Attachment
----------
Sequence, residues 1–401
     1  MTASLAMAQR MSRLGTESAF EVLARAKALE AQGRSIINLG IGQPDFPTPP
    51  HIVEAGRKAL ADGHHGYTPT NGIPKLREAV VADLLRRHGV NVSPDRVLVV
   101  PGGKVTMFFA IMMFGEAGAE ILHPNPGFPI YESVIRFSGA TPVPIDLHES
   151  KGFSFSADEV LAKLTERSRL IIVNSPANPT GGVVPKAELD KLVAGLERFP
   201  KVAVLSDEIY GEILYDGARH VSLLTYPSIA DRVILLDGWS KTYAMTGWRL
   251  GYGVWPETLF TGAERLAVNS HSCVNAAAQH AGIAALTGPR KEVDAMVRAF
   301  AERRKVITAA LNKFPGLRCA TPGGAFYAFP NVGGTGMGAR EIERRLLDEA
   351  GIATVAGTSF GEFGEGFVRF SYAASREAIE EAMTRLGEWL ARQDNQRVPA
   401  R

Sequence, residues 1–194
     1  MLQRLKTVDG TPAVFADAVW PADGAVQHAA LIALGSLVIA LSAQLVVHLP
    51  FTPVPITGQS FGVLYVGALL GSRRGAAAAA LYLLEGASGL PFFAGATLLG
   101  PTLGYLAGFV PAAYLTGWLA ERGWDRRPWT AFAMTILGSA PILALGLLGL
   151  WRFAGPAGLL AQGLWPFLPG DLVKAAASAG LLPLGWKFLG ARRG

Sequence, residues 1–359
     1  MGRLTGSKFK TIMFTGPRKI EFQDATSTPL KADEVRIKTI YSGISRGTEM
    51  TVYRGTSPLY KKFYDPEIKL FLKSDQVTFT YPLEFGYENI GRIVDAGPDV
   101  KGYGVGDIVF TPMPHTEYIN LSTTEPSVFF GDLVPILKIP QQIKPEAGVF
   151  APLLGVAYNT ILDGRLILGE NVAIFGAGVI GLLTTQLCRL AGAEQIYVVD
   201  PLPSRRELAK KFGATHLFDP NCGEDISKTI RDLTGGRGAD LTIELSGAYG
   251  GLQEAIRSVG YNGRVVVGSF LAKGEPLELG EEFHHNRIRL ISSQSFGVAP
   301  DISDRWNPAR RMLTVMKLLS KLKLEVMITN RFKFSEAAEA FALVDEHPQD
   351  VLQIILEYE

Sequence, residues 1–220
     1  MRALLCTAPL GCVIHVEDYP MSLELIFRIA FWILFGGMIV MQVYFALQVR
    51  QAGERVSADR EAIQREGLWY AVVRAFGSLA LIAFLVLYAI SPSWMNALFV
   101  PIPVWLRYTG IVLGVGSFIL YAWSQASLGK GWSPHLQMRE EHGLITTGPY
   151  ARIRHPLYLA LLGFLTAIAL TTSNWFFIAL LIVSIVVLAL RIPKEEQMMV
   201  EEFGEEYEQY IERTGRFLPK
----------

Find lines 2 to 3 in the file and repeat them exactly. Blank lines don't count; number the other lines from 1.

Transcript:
     1  MTASLAMAQR MSRLGTESAF EVLARAKALE AQGRSIINLG IGQPDFPTPP
    51  HIVEAGRKAL ADGHHGYTPT NGIPKLREAV VADLLRRHGV NVSPDRVLVV